While health experts are yet to make any headway into the development of a vaccine or cure for COVID-19, the only feasible measure is prevention and tracking. As healthcare systems struggle against the upsurge of new cases, proper and timely testing is key to identify those infected. Current methods used are expensive and time-consuming, which can lead to more infections if patients are not diagnosed properly. Thankfully, a silver lining might be on the way as a British researcher allegedly developed a new efficient coronavirus testing system.

According to Hull medical researcher professor Maneesh Singh, the groundbreaking process can confirm COVID-19 infections in approximately five minutes. Furthermore, the estimated cost for each screening is apparently less than two pounds. If proven to be accurate and cost-efficient, it marks a significant improvement over what is presently available.

Currently, doctors and patients are given a turnaround time of around 48 hours before the results are provided. Moreover, in addition to the long wait, the costs are quite expensive. As reported by Daily Star, Biocel Analytics, a company helmed by Singh, claims that the new technique should streamline COVID-19 testing. Hopefully, this will aid the healthcare system to stop the uncontrolled spread of the virus.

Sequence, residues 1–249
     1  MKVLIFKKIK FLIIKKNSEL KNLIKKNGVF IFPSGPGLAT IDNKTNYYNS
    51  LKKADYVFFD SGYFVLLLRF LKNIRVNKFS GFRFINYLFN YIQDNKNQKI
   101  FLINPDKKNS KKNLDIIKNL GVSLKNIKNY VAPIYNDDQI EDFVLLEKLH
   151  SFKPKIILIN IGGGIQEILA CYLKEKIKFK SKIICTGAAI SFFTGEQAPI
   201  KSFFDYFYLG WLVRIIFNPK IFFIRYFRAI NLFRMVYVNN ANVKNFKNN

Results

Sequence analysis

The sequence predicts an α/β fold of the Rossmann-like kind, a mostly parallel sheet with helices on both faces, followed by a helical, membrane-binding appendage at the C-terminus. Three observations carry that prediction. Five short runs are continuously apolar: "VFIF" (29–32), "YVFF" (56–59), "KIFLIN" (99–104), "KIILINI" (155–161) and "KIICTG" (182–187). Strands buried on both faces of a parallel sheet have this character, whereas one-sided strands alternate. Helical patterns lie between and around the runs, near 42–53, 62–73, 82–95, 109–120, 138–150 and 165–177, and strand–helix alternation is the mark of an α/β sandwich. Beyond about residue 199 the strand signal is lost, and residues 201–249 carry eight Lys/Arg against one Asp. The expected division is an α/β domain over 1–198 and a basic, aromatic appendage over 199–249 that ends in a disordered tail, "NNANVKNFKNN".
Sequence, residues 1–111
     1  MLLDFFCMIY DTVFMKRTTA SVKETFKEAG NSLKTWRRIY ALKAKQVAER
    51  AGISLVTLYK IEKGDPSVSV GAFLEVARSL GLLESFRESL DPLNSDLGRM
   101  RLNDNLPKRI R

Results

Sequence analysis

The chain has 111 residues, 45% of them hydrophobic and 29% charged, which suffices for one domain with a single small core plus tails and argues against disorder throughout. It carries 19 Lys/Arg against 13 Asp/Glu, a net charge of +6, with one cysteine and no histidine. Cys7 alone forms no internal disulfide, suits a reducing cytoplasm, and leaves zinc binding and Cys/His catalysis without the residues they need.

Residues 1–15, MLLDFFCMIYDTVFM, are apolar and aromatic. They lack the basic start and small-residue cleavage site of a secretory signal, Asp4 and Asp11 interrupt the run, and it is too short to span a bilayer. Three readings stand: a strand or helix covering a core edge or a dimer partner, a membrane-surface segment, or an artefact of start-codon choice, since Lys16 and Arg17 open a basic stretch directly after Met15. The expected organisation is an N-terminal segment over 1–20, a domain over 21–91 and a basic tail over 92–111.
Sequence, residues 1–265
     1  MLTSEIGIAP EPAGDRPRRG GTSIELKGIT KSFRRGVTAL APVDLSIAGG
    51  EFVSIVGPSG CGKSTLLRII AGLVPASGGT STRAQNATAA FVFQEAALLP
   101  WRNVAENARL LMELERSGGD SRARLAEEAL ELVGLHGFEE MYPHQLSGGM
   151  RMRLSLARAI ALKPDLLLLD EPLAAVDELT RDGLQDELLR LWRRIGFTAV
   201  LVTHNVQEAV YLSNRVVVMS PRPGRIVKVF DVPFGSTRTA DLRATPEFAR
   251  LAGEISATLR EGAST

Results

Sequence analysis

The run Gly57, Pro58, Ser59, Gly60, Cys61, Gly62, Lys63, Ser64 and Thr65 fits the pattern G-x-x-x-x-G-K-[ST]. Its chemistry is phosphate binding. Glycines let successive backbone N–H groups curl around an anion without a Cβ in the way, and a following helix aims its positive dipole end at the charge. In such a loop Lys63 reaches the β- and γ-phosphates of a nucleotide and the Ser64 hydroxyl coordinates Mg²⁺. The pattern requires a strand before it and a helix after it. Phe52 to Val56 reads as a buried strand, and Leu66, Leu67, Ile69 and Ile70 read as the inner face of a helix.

The professor describes it as "a robust emerging technique" that takes a sample using a swab from inside the mouth of the patient. This is less invasive than existing ones which insert a swab into the nostril all the way in. With the help of cutting-edge infrared microspectroscopy, which scans for chemical markers. What follows next is a proprietary identification algorithm that determines if the individual is positive or negative.

Medical workers wear hazmat suits
Medical workers wearing hazmat suits as prevention against the COVID-19 coronavirus at work at the Huanggang Zhongxin Hospital in Huanggang, in China's central Hubei province. Photo: AFP / NOEL CELIS

"We're not after any profits, it's about making a scientific breakthrough. We're in a major crisis. This has been likened to war and war is when tech comes to the forefront and people have to work more rapidly," said Singh. "The government don't have to take it, but we just want to be in a position to offer a potential solution for their consideration," he added. So far, experts consider this as a major breakthrough in the fight against COVID-19, but the ultimate goal is to eradicate the virus.